Sometimes a delay in implementation of a major infrastructure project can fortuitously result in a better final product, as technology outpaces bureaucracy. That seems to be the case in Rosendale, where millions of dollars’ worth of improvements to the town’s water and sewer systems have been underway, phase by phase, since New York State started making grant funding available to municipalities hard-hit by Hurricane Irene and Tropical Storm Lee in 2011. One of those projects was “hardening” the town’s wastewater treatment plant (WWTP), which had “failed during the storm events because it was overwhelmed without sufficient capacity to accommodate the demand from stormwater inundation and Creek flooding,” in the words of the NY Rising Community Reconstruction Plan issued by the Governor’s Office of Storm Recovery in March 2014.
Rosendale’s initial infusion of NY Rising money specifically for the WWTP was a $500,000 grant for a Stormwater Management Study as the first step in “scoping and implementation of protection measures.” The town retained the services of engineering consultants Barton & Loguidice to conduct the study and design upgrades to the plant. Subsequently, an additional grant of $620,000 was awarded to Rosendale under the Clean Water Infrastructure Act of 2017, constituting a 25 percent match intended to leverage other funds toward the purchase and installation of equipment as part of the $2,480,000 wastewater project. The balance of the cost is to be financed via interest-free loans provided under New York State’s quasi-governmental funding agency, the Environmental Facilities Corporation.
The wheels of state funding grind slowly, however, and Barton & Loguidice just recently completed the initial Stormwater Management Study and associated State Environmental Quality Review process for the upgrade. While these were in process, however, another state agency, the Department of Environmental Conservation, changed the rules with regard to levels of residual chlorine that a WWTP is permitted to discharge into a water body. The daily maximum is now .05 milligrams of chlorine per liter of water, compared to two milligrams per liter previously. “We got the news after the funding application was submitted,” Jason Ballard of Barton & Loguidice told the Rosendale Town Board at its March meeting.
This change in standards forced the engineering firm to reevaluate the entire plan that it was about to recommend to the town, which included improvements to the plant’s backflow valves, clarifiers and tank aeration, as well as to the building envelope to make it more impervious to flooding of the adjacent Rondout Creek, but was, in Ballard’s words, “designed for two milligrams per liter.” Even the earlier standard presented a challenge, he said, but declared “.5 extremely difficult to reach.” To reduce chlorine content to that level would require construction of a separate workspace for WWTP workers to add sodium bisulfate to dechlorinate the water further after treatment. The additional chemical, he said, is “not the most pleasant to work around. The taste stays in your mouth for a while” after handling. Ballard called the dechlorination process “operationally difficult” and “not very user-friendly,” in addition to driving up the project’s pricetag with the construction of a “secondary container” and additional workforce hours.
Confronted with this challenge, the engineering firm came up with an alternative plan — one that, while costlier than the original project, would cost less than the dechlorination option, in addition to being much more environmentally friendly: ultraviolet (UV) disinfection. “A lot of municipalities are switching over to UV now,” Ballard said. He shared a diagram of a tank with a bank of UV lamps suspended in the middle, through which the wastewater would be channeled. “It doesn’t kill the microorganisms. There’s a photochemical reaction with the virus, which damages its DNA so it can’t reproduce. It makes it kind of inert. But it doesn’t change the chemical composition of the water…You can completely discontinue all chlorine.”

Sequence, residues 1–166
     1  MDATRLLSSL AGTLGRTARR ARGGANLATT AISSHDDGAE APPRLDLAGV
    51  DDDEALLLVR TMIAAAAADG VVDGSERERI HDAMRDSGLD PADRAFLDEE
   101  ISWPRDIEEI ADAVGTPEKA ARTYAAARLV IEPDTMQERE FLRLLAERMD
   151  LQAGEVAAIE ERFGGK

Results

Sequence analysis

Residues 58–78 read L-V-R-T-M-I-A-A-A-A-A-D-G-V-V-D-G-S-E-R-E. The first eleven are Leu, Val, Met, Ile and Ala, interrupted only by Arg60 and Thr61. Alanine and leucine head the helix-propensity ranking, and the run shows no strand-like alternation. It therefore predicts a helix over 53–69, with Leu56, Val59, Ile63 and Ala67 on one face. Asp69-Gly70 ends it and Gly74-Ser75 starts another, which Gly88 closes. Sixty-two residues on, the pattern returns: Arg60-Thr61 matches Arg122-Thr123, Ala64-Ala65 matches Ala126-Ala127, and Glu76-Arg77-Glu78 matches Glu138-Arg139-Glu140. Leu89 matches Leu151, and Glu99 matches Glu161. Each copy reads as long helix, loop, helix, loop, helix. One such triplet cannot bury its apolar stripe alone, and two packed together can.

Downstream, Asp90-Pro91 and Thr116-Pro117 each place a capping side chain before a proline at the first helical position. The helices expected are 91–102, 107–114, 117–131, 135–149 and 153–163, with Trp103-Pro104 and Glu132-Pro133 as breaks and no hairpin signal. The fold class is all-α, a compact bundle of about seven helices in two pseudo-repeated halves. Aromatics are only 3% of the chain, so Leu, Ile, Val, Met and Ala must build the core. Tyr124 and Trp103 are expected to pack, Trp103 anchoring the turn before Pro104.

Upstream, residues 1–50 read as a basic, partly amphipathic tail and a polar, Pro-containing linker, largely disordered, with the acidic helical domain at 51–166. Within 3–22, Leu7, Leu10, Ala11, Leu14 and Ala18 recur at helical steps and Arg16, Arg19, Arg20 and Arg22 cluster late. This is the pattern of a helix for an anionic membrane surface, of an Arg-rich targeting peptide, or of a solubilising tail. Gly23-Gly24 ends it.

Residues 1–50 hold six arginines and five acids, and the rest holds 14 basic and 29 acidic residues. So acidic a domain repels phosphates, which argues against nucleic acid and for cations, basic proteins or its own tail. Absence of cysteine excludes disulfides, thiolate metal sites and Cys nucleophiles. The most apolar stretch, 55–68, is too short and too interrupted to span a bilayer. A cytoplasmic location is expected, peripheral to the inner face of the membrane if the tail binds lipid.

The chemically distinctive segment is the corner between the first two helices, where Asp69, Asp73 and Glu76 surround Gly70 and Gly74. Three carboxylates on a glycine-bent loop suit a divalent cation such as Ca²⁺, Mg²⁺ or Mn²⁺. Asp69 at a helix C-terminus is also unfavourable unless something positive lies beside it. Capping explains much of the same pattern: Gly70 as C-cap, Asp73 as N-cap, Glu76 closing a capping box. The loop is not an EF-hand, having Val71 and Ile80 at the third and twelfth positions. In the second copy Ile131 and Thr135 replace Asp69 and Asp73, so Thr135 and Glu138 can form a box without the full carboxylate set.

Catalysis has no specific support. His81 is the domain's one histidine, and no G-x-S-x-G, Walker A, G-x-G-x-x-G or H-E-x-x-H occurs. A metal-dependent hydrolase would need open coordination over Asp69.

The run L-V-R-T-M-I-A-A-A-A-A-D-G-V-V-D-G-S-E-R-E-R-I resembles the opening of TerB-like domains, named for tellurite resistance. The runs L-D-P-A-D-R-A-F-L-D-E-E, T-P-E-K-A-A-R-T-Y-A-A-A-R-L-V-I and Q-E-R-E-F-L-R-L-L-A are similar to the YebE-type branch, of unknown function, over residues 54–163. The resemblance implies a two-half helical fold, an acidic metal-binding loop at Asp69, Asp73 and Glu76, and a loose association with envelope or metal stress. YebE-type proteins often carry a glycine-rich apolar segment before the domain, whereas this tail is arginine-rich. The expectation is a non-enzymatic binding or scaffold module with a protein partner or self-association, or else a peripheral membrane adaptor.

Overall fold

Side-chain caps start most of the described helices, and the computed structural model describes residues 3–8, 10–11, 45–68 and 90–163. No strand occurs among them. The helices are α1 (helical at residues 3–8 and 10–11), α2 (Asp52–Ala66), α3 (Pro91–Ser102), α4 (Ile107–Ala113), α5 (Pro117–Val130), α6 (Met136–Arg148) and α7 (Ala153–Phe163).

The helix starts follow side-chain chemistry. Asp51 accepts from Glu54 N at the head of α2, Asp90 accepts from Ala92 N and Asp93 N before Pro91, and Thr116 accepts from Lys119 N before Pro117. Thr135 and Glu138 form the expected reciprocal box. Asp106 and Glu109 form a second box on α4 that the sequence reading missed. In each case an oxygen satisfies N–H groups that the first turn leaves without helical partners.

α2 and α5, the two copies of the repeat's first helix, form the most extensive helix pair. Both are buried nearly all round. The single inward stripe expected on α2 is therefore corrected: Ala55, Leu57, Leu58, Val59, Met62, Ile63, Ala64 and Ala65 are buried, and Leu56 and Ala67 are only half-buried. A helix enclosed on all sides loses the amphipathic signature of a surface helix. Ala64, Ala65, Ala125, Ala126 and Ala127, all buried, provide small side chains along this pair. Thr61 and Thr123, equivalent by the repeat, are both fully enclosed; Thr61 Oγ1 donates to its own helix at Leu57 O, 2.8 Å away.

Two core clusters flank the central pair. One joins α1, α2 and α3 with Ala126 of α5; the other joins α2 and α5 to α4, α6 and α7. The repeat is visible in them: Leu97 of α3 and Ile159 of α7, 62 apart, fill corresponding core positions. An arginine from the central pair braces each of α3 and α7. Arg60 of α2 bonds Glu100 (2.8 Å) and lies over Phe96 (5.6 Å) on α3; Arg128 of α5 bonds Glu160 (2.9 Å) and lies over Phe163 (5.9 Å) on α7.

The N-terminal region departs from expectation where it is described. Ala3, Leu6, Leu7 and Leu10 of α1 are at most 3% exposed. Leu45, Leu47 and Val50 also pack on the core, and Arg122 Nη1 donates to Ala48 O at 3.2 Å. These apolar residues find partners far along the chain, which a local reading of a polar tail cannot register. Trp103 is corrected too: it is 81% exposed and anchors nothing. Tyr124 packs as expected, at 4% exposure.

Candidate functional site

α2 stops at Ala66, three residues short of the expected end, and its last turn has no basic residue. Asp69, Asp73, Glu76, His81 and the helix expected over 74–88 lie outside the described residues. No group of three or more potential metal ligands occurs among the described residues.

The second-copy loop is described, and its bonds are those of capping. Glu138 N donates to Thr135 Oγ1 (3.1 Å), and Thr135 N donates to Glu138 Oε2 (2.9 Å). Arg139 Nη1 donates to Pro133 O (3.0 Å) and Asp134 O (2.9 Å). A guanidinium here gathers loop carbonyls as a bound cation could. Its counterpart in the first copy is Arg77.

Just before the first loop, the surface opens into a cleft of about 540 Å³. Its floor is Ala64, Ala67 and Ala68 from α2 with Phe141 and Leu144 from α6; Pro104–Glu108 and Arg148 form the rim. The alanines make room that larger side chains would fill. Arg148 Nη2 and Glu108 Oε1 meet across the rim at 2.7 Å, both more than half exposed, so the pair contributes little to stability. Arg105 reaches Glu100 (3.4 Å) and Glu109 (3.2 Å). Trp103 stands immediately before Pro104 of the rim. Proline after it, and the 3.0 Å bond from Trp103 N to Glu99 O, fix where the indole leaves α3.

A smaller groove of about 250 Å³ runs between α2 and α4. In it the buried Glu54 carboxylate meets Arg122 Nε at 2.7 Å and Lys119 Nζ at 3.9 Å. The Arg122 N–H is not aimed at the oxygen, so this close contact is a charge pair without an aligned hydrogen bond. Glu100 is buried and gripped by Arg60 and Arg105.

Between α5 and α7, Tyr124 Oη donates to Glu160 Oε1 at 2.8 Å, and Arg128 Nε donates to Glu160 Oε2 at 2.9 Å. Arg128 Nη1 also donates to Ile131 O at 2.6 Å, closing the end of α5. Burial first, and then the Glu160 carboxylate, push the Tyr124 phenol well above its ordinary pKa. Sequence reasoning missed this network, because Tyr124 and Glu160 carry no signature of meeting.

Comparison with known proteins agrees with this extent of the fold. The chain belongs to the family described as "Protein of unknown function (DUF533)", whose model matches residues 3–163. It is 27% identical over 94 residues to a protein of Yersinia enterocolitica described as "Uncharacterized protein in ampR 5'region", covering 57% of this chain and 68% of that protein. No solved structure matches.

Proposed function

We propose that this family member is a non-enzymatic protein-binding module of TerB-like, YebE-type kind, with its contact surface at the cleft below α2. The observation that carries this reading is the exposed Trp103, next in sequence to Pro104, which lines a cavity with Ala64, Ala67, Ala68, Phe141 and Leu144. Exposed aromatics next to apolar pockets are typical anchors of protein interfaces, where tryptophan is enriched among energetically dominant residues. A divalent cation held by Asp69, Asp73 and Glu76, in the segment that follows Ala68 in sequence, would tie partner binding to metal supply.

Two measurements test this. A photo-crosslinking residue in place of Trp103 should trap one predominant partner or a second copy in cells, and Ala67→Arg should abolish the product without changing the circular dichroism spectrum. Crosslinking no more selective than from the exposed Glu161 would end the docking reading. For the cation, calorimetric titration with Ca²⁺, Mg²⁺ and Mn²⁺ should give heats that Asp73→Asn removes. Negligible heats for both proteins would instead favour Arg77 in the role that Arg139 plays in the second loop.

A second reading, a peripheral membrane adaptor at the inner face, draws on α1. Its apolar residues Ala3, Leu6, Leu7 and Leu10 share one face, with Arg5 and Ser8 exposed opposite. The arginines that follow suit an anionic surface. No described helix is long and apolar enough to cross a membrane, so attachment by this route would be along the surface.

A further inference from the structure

Rosendale water and sewer superintendent Terry Johnson responded approvingly, “Anytime you can get away from chlorine…it’s a carcinogen. We test for chlorine daily. It’s easy to go over two milligrams.” Ballard said that, with the UV apparatus, microorganisms including the “indicator bacteria” E. coli, protozoa, viruses and algae would be “all deactivated. It’s 100 percent effective.”
Additional costs incurred by installing a UV treatment tank would include building a “small pole barn with an awning over the top” closer to the creek than the existing structure, noting than an “enclosed vessel for UV would be harder to access” for periodic cleaning of the lamps. Electric lines would need to be run to the tank, and the bulb array would have to be removed each October, when the treatment season ends, to protect the bulbs from freezing temperatures. Some extra storage space would also be needed. Ballard estimated that the entire setup would have a lifespan of eight to 12 years, although the bulbs would need replacement more often than that.
The bulk of the costs of the system improvements, the engineer said, had to do not with the UV treatment tank, but with the hydraulics, and with increasing the height of the walls of the aeration tanks: “We have to make sure we can handle a 100-year flood, when [the Rondout Creek] backs up to the aeration tanks.”
The Town Board responded with enthusiasm to Ballard’s recommendations, despite the increase in costs. “We’re not going to do the dechlorination; you’ve convinced us,” said Town Supervisor Jeanne Walsh. “We love our creek. Let’s do UV; let’s make it happen!” Still to be determined at this point is whether the pending applications for grant funding and interest-free loans can be recalculated to accommodate the changes needed to meet New York State mandates.